A 45-year-old woman presented to surgical emergency with profuse bleeding from a mass in the front of the neck. The mass, present since one and half years, had rapidly increased in size over two months and had started bleeding 2 h prior to hospitalization. On examination, she was conscious, oriented, pale, and dehydrated with a low volume pulse of 120 beats/ min and blood pressure of 90/70 mmHg. Local examination revealed an ulcero-proliferative growth of 12 Χ 8 cm in anterior part of neck with multiple bleeding points [Figure 1]. She was resuscitated with IV fluids and three units whole blood transfusion. Written consent for anesthesia and surgery including that for death on table was obtained and broadspectrum antibiotics were started. The patient was placed in thyroidectomy position and a long elliptical incision was made. A large blood clot was found in subcutaneous plane. Following clot evacuation, three pulsating bleeding points were seen which were controlled by suture ligation. Deeper dissection revealed the mass to be adhered to the left common carotid artery, trachea and esophagus. The mass was dissected free from these structures, although small bits of tumor which were inseparably adherent could not be removed. Bared carotid arteries and internal jugular veins were covered by flaps of residual sternocleidomastoid muscle. The large skin defect was covered by skin graft taken from the right thigh [Figure 2]. The histologic diagnosis was ATC. Postoperative course was uneventful. A chest X-ray and ultrasonography of abdomen, done 10 days after surgery, revealed no pulmonary or hepatic metastasis. Treatment with combination of external beam radiotherapy (EBRT) (60.8 Gy in 32 fractions over 21 days) and chemotherapy (doxorubicin and cisplatin) was begun 4 weeks postoperatively. The patient is disease-free 3 months postoperatively.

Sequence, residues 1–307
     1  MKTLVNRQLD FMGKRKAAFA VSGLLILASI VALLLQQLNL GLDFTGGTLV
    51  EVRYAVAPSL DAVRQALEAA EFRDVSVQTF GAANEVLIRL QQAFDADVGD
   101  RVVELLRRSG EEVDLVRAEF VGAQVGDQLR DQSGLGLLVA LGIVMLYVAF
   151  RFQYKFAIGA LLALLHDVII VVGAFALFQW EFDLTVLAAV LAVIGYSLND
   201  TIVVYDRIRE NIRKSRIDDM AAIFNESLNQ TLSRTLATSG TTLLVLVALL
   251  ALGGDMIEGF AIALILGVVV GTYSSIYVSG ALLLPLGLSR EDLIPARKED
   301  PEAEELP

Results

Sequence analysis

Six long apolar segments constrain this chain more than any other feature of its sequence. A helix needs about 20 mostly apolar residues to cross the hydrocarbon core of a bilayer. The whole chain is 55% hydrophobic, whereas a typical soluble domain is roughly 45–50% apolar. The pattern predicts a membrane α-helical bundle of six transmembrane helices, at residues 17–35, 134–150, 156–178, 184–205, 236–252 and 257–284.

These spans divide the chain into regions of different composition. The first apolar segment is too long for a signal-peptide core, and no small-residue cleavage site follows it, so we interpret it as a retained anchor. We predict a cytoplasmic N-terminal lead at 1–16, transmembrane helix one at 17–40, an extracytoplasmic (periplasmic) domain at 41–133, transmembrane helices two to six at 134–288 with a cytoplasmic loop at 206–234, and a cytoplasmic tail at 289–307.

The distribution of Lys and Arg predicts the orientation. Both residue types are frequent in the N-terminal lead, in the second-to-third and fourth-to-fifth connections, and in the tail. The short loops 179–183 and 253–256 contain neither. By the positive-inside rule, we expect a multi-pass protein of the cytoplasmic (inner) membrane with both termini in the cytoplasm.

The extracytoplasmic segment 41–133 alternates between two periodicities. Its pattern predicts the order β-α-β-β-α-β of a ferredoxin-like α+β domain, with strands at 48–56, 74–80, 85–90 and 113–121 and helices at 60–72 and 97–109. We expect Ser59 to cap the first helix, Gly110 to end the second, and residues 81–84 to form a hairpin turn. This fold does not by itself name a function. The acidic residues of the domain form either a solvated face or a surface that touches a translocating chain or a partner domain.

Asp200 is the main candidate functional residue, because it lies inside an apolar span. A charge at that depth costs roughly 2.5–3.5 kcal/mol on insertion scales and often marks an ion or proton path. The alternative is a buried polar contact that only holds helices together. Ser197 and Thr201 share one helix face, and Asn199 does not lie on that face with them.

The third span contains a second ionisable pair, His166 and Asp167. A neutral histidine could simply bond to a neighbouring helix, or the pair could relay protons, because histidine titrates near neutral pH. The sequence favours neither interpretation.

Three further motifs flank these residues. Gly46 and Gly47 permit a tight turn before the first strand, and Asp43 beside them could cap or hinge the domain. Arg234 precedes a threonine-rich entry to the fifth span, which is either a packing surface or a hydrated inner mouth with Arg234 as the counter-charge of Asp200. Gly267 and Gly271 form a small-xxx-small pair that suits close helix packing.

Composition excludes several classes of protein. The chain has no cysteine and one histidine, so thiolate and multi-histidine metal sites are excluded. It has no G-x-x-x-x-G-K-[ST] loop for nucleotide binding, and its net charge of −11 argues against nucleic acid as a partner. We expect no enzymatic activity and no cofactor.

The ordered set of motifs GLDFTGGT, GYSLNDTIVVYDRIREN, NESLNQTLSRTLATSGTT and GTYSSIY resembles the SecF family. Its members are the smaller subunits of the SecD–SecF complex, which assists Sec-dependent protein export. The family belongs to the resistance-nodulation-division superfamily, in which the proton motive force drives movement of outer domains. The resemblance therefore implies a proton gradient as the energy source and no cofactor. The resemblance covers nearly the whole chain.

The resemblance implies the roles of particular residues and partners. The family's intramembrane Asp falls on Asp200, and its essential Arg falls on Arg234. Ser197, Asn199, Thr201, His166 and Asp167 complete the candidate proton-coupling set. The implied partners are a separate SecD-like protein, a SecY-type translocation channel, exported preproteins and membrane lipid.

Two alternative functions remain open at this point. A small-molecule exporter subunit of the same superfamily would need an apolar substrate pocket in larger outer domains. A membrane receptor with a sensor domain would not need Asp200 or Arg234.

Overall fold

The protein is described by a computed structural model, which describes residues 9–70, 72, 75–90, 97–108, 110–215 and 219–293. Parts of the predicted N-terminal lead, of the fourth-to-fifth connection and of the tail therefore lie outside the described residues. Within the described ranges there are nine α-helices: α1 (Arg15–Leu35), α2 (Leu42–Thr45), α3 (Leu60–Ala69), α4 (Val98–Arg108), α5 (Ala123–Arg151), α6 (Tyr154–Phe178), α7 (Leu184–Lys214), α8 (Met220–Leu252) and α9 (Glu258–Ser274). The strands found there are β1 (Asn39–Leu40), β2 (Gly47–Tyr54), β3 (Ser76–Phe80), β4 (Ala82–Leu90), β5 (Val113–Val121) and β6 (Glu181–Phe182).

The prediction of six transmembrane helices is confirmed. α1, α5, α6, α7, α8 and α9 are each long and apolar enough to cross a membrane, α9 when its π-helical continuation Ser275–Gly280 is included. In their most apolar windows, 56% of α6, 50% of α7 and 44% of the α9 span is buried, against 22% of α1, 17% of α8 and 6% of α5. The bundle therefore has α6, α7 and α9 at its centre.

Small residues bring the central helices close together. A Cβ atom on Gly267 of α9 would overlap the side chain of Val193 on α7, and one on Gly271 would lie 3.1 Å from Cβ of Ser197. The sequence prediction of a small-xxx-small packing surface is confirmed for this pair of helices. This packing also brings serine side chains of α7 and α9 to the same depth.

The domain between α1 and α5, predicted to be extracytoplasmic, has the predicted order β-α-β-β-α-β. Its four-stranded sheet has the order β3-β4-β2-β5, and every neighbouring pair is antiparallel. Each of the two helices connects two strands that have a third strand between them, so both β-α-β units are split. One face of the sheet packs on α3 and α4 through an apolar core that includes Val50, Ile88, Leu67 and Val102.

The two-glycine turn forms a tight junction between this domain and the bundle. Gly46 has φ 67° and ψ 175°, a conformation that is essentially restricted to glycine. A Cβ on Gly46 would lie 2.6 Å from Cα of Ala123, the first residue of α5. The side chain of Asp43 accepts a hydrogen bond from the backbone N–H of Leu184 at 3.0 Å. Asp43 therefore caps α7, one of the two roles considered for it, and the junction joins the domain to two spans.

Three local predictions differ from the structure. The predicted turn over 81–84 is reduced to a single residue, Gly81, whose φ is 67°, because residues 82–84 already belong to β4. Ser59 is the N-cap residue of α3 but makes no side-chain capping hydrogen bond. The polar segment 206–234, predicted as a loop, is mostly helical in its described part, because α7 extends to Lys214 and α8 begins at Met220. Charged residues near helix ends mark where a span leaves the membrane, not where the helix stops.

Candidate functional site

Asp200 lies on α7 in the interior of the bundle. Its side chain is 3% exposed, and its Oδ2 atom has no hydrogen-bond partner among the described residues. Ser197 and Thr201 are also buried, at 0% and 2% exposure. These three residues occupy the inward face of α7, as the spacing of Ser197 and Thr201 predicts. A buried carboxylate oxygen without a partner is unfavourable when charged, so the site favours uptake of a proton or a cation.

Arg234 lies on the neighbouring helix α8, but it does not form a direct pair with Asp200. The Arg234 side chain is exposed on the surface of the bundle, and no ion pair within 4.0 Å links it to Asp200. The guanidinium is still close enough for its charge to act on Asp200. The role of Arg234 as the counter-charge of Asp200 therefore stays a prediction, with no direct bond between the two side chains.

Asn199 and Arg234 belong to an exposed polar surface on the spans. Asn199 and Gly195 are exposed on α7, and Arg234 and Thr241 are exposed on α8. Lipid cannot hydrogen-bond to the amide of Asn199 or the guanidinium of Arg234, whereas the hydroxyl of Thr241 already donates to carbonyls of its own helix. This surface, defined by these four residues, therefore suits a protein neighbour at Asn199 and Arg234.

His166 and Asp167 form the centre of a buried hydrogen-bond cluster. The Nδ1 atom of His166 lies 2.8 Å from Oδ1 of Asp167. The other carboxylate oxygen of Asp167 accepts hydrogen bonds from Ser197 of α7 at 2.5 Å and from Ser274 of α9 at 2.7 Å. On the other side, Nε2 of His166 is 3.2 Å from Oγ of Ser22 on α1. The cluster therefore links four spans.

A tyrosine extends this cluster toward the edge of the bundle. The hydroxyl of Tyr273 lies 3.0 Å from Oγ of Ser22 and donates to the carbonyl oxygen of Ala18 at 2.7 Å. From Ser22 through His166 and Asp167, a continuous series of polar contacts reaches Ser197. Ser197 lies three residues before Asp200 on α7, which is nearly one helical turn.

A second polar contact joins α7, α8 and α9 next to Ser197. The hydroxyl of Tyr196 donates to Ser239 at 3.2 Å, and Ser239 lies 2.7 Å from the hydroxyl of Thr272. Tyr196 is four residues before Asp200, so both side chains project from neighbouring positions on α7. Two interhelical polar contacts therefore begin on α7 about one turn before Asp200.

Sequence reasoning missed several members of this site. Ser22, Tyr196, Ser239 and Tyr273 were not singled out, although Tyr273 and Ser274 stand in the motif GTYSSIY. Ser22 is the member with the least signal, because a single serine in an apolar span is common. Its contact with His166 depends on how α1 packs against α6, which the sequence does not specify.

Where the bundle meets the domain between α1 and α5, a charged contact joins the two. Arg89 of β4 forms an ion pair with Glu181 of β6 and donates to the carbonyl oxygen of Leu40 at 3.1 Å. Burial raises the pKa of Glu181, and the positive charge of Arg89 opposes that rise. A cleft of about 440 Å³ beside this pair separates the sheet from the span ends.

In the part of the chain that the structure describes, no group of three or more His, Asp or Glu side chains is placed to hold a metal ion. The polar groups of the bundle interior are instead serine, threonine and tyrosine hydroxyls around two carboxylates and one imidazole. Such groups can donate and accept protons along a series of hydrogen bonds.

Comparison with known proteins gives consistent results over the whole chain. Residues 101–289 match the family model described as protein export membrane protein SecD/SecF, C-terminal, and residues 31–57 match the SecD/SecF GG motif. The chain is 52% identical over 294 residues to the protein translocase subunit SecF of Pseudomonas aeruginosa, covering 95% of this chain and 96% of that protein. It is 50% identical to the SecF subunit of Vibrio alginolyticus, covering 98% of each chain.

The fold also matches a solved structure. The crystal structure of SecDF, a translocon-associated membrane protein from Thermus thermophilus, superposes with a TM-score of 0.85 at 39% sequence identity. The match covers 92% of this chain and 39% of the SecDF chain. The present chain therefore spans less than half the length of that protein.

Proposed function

Figure 1: Thyroid mass with active bleeding

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Figure 2: Raw area following thyroidectomy covered with skin graft

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 » Discussion Top


ATC is rare and comprises only 1%-3% of all thyroid neoplasm. It is one of the most aggressive, lethal and difficult malignancies to treat, with very high mortality rates. Median survival is 4-5 months from the time of diagnosis. Majority die of aggressive loco-regional disease, causing upper airway obstruction. [1] Other causes of fatality include circulatory failure, hemorrhage, and respiratory insufficiency.